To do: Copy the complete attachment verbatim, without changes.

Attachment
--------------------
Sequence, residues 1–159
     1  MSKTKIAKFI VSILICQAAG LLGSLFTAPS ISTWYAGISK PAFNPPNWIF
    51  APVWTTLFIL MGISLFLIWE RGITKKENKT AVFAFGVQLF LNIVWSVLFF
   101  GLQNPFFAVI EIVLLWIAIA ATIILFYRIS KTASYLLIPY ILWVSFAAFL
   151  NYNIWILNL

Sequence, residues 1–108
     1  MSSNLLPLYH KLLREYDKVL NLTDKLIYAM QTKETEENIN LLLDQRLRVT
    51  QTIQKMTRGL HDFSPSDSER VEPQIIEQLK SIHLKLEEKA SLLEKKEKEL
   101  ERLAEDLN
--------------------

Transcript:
Sequence, residues 1–159
     1  MSKTKIAKFI VSILICQAAG LLGSLFTAPS ISTWYAGISK PAFNPPNWIF
    51  APVWTTLFIL MGISLFLIWE RGITKKENKT AVFAFGVQLF LNIVWSVLFF
   101  GLQNPFFAVI EIVLLWIAIA ATIILFYRIS KTASYLLIPY ILWVSFAAFL
   151  NYNIWILNL

Sequence, residues 1–108
     1  MSSNLLPLYH KLLREYDKVL NLTDKLIYAM QTKETEENIN LLLDQRLRVT
    51  QTIQKMTRGL HDFSPSDSER VEPQIIEQLK SIHLKLEEKA SLLEKKEKEL
   101  ERLAEDLN